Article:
3 Chapter 15, Page 12 FAMILY SUPPORT: DEVELOPING READER (AGES 5-7) Read different things aloud in addition to stories (e.g., recipes, letters, directions). Subscribe to a magazine (e.g., Sesame Street, or Ranger Rick) and read it together. Visit bookstores and libraries regularly. Find books with patterns, rhythm, and rhyme that help children as they first begin to read on their own. Make word cards of the words your child can read. Make sentences with the words. The focus is on playing with the words rather than drilling! Encourage your child to read to friends, children in your family, or other relatives. As you read together, ask your child to predict what might happen next or talk about how the book or article relates to your child's life. Once in awhile, make a mistake while you're reading and problem-solve with your child about how to figure out what would make more sense. Talk about interesting words, authors, and illustrators. Talk about the characters in the books you read. Ask questions such as, "Does that character remind you of anyone you know or anyone else in another book?" After reading a story aloud, retell it in your own words with your child s help. Keep a list of "favorite books we've read" or a wish list of "books to buy." Ask friends and relatives to give books as gifts. Read the Sunday comics with your child. Watch Reading Rainbow on television. together. Expose your child to computer games related to reading (e.g., Reader Rabbit and Magic Schoolbus).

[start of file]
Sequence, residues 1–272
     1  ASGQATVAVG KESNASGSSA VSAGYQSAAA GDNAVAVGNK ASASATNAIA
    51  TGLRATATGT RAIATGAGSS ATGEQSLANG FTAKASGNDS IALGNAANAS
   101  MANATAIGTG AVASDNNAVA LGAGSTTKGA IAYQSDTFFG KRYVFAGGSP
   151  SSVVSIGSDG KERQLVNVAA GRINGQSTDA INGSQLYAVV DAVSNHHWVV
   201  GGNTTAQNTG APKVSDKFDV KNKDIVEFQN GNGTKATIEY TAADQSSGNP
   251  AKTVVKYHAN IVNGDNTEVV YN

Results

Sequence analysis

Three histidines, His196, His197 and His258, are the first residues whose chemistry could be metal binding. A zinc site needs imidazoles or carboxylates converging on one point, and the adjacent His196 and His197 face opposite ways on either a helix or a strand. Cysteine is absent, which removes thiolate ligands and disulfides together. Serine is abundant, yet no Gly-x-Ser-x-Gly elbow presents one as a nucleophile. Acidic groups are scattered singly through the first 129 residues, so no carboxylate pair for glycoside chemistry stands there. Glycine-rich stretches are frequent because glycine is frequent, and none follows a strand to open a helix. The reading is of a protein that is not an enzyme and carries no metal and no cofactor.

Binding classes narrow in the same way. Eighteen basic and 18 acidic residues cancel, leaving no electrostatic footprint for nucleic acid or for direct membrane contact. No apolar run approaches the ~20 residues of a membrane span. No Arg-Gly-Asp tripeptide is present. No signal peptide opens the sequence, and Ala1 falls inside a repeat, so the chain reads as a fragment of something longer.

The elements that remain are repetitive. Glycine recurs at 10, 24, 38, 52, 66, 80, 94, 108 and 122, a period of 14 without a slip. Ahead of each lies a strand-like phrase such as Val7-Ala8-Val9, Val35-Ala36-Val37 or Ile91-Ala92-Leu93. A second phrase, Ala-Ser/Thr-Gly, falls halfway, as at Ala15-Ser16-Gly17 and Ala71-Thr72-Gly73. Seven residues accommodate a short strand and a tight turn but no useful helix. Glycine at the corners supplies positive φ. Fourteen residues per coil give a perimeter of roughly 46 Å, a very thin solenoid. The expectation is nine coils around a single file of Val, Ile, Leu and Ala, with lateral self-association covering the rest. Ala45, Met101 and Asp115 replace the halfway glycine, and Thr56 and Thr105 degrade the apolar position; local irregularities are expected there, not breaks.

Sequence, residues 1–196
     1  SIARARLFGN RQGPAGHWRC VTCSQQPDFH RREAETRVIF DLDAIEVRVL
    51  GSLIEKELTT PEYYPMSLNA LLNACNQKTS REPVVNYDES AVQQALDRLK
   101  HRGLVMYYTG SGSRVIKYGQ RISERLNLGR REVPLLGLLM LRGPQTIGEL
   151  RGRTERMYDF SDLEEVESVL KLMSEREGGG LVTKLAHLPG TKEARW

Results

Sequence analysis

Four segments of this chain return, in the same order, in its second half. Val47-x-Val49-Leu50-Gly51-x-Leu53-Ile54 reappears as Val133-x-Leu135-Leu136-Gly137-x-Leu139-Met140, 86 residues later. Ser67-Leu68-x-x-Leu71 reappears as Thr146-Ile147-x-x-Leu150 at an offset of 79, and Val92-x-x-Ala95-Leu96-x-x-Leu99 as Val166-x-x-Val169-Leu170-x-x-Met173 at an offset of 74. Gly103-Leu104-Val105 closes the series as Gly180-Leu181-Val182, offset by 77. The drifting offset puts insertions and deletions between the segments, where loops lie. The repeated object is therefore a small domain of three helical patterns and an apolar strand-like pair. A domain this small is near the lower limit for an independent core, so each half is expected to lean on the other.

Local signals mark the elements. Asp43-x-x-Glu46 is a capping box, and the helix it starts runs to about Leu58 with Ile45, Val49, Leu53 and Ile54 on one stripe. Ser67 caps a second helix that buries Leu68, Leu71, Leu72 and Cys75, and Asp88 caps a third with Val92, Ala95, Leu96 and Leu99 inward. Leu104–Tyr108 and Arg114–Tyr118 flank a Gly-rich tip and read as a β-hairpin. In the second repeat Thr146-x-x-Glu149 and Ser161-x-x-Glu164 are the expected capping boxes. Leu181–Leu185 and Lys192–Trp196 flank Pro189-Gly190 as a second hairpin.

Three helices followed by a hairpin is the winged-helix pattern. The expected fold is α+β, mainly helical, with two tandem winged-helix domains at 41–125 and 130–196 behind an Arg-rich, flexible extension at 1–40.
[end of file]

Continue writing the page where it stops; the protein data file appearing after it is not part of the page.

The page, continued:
4 Chapter 15, Page 13 FAMILY SUPPORT: BEGINNING READER (AGES 6-8) Read aloud daily. Your child might be ready for you to read a chapter book aloud, a chapter or two each night. They still enjoy picture books, nonfiction, and joke books. Read poems, magazines, cartoons, recipes, maps, and nonfiction, as well as fiction. Provide time each night for your child to read on his or her own (10-15 minutes). Help your child find books at the right reading level since at this stage children need lots of practice to become fluent readers. Ask your child s teacher for suggestions. Visit bookstores and libraries regularly. Talk about books you enjoyed when you were little. Give books as gifts. Watch television shows together (e.g., Reading Rainbow) or movies based on kids books. Be supportive as your child reads his or her first "I Can Read" books. Help with difficult words so your child can keep the flow of the story. Encourage your child to re-read a sentence when it doesn't make sense. Point out ways to figure out words in addition to "sounding it out" (such as looking at the picture, breaking the word into smaller words, reading on, or thinking what would make sense). Point out punctuation as you read aloud ("Oops, an exclamation mark! I'd better read that a little louder."). Talk about the strategies you use as a reader when you're looking for a book, when you come across a word you don't know, or want to learn more about something.